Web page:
WASHINGTON — In a discouraging report for the American economy, General Electric Co. posted a 46 percent drop in quarterly earnings on Friday and warned of a "tough environment" in 2009 as it struggles with its ailing finance business.
The news caps a difficult year for one of the world's largest companies. Its businesses touch on most sectors of an economy mired in a recession, from light bulbs and TV stations to jet engines. And its longtime profit engine, GE Capital, has seen profits tumble as the slowdown forces business and consumers to limit borrowing or default on loans.
Despite that, the company reaffirmed plans to both pay its $1.24 dividend and defend its top AAA-rated credit after Standard & Poor's warned last month that there is a one-in-three chance GE will lose its AAA rating in the next two years.
GE reported earnings of $3.65 billion, or 35 cents per share, after paying preferred dividends. That was down from $6.7 billion, or 66 cents per share, a year earlier.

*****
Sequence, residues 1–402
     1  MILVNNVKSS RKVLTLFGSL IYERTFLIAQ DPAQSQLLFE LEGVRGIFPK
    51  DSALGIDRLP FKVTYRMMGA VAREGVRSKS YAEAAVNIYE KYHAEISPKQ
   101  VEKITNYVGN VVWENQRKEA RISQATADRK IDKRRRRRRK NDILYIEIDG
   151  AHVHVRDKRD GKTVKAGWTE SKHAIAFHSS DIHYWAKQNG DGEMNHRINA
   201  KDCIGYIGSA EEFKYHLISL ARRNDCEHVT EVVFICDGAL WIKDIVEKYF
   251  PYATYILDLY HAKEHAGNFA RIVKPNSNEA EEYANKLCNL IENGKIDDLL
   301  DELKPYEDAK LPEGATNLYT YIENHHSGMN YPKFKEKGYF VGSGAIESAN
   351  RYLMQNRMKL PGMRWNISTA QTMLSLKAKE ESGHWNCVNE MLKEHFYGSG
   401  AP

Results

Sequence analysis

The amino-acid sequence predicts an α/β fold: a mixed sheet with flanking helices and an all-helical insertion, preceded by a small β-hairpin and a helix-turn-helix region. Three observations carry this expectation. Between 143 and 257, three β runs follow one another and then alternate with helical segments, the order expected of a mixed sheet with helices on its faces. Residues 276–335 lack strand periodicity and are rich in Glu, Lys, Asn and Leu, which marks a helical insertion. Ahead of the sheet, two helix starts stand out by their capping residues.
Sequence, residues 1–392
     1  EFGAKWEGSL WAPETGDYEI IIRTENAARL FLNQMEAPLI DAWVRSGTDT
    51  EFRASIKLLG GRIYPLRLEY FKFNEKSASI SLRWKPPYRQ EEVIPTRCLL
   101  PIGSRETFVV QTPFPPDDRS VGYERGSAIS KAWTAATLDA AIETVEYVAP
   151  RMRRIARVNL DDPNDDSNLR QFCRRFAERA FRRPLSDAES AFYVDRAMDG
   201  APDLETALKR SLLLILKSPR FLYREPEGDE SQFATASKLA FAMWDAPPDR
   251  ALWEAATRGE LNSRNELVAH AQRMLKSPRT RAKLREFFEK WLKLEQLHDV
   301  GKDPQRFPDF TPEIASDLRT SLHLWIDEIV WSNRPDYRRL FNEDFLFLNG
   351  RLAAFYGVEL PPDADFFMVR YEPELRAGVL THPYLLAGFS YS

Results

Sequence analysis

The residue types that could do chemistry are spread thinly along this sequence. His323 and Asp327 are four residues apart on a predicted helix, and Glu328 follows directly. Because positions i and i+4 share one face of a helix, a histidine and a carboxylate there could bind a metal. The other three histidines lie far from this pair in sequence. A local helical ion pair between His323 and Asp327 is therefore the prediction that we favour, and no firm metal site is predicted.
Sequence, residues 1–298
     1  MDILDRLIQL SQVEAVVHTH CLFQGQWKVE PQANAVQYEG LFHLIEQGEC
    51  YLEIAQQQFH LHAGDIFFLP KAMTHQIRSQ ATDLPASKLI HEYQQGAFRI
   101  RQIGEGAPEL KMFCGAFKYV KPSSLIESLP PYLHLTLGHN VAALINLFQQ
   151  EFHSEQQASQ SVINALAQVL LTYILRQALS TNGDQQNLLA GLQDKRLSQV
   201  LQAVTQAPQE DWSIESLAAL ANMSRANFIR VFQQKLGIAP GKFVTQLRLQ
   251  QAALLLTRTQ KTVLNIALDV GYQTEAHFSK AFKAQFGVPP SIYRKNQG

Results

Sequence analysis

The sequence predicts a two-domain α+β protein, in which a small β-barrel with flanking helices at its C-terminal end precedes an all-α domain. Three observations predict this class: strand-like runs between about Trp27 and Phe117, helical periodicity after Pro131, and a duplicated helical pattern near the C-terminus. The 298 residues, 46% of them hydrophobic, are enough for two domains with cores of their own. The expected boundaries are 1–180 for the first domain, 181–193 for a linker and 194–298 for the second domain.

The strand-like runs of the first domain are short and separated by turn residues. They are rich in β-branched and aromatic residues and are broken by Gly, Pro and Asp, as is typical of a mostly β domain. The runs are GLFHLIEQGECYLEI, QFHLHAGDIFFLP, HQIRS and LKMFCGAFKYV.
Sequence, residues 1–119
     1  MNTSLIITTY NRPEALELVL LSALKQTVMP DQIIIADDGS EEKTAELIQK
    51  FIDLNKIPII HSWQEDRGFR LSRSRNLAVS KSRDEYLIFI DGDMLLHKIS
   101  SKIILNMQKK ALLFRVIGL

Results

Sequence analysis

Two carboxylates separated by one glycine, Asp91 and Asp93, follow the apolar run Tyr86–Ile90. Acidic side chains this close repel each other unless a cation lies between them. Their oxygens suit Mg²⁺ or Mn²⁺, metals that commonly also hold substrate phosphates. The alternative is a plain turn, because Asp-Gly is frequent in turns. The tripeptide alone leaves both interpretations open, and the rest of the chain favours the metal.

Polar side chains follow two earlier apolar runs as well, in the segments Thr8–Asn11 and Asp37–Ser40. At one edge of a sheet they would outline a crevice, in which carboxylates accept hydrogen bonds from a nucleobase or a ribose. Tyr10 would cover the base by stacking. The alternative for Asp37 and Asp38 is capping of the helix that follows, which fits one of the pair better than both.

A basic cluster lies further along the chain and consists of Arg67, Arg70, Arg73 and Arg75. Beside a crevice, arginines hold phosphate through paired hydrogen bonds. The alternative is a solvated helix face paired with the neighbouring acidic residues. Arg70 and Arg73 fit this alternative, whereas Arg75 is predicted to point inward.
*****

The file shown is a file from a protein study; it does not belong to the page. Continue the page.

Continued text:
Results included $1.5 billion in charges related to the restructuring of GE Capital and increased reserves. The company also recorded $1.38 billion in tax benefits during the quarter.
Quarterly revenue slipped 5 percent to $46.2 billion.
The company is preparing for what should be a difficult 2009 as it pares down GE Capital, reduces its dependence on risky debt and tries to maintain growth on its industrial side as the recession worsens.